All assets have been redone, breathing in new life to Rapture
Warning: minor plot spoilers
I swore hand over heart that I would not spoil the resolution of Burial at Sea, so that will remain a mystery until the rest of you fine citizens get to enjoy it before the holidays. However, to give you a sneak peek at Burial at Sea: Episode 1, some spoilers will naturally occur.
You’re Booker, Private Investigator; your office exists in the heart of Rapture in 1958. Elizabeth walks into your office, reminiscent of a scene from the Maltese Falcon, and employs you to search for a missing girl named Sally. You tell her Sally is dead, but Elizabeth has reason to believe she’s still alive.
And from here, your quest in a Rapture set before the downfall begins.
BioShock Infinite – Burial at Sea: Episode 1 (PC [previewed], PlayStation 3, Xbox 360)Developer: Irrational GamesPublisher: 2K GamesRelease: Holiday 2013
Elizabeth informs you that she knows a crazy artist named Cohen (sound familiar?) who may know the whereabouts of Sally. After viewing the new areas Rapture has to offer, your first objective is to procure a rabbit mask that will grant entry into Cohen’s secret party. This task introduces a new aspect of gameplay where Elizabeth distracts shopkeepers as you wait for the right timing to sneak into the back areas. I found it highly enjoyable and tense (in a good way), but also very brief as this particular mechanic doesn’t show up again in the DLC.
Once you steal this mask, you enter Cohen’s crazy little party. From there, those of you who have played the original BioShock can assume things get dark and twisted very fast.
Note: This is the last of the story I’ll reveal.
The combat mechanics in Burial at Sea, including Plasmids, are very much the same as in prior BioShock installments. However, this time around resource management is much more prevalent than it was in Infinite. On medium difficulty I found myself often running out of bullets and Eve, thus having to conserve my resources to ensure I could make it through to the next area. This was intentional from a gameplay perspective, and I actually found myself getting more out of the combat situations versus the rushed combat mentality of BioShock Infinite.
Enemies are different this time around as well. They were much less likely to rush at me, and often times I could observe them milling about before they were even alerted to my presence. This gave me time to plan my attacks in advance, making it easier to strategically place Plasmid traps and route enemies. Despite the lack of resources I ended up feeling more accomplished at the end of my battles, which is something I didn’t really feel in Infinitedespite the numerous and often large amount of enemies.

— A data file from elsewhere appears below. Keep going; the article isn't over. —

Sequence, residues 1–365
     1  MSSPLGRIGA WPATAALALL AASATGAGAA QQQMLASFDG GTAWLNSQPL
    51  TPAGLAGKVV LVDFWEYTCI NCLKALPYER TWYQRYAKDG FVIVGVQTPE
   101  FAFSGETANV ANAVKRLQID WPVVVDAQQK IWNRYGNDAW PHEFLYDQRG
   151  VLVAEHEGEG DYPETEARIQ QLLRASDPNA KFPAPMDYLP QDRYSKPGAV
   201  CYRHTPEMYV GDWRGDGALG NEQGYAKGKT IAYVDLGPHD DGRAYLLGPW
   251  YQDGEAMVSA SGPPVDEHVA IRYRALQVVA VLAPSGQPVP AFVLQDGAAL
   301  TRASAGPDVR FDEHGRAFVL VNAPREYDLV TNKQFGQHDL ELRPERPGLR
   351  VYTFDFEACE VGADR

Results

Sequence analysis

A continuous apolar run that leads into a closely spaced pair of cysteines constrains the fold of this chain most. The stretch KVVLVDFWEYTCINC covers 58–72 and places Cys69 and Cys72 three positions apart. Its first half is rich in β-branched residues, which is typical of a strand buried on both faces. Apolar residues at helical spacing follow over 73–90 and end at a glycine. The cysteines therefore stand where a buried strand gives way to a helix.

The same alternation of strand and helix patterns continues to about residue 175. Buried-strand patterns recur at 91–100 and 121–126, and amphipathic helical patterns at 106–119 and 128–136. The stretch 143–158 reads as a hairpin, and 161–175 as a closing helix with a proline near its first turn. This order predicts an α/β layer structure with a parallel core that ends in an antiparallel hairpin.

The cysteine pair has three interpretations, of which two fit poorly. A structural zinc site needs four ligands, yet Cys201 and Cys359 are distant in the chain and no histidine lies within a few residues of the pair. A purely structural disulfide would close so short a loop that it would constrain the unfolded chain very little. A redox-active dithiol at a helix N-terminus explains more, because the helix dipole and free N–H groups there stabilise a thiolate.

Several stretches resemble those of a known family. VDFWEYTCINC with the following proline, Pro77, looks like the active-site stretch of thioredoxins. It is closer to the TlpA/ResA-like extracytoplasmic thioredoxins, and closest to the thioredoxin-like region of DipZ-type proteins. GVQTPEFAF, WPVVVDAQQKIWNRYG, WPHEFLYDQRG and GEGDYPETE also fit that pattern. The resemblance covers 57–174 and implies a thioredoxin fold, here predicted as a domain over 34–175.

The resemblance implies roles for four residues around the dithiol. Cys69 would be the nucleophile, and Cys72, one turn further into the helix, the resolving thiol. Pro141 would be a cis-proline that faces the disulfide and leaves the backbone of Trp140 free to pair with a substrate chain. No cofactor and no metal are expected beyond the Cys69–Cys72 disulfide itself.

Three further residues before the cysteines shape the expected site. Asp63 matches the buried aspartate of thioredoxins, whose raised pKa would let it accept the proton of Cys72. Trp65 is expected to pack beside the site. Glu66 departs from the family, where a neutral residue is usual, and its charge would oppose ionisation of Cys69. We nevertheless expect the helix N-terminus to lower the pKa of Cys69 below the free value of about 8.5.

The setting in Burial at Sea is gorgeous and colorful — all assets have been redone, breathing in new life to Rapture. Bars, shops, art galleries, and even slot machines adorn the main area. One of the settings, a derelict department store, is an interesting space in its own right. Clothing, electronics, toys and various other relics from Rapture in the 1950s are scattered about in a creepy yet eye-catching way.
The pacing and overall design felt much more open than Infinite as well. So much more open in fact that at one point I had accidentally skipped two parts of a quest because I bypassed it. Enemies had cropped up in the meantime making it harder every time I made a mistake in my path selection.
Hidden areas are still prevalent in Burial at Sea, with Elizabeth always at the ready to help pick locks. Audio diaries are scattered about, providing extra context to what’s happening in Rapture at the time and also some interesting tidbits regarding a certain “phenomena” occurring. I highly recommend not skipping these!
I fully completed this DLC and truly enjoyed it. In fact, I loved it so much that it makes me wonder why it’s not a standalone game. I felt like it blended the best parts of both BioShock and BioShock Infinite; the combat was challenging and thoughtful, the story was captivating, and the pacing was perfect. Infinite was a fantastic game in its own right, but bringing Booker and Elizabeth to Rapture is literally a whole new world.
Burial at Sea: Episode 1 does not have a specific release date, but they do anticipate it coming out before the holidays. We’ll do a full proper review closer to release. In the meantime, enjoy this ominous “Fact from Myth” video which foreshadows what may have happened after Elizabeth and Booker meet in Rapture …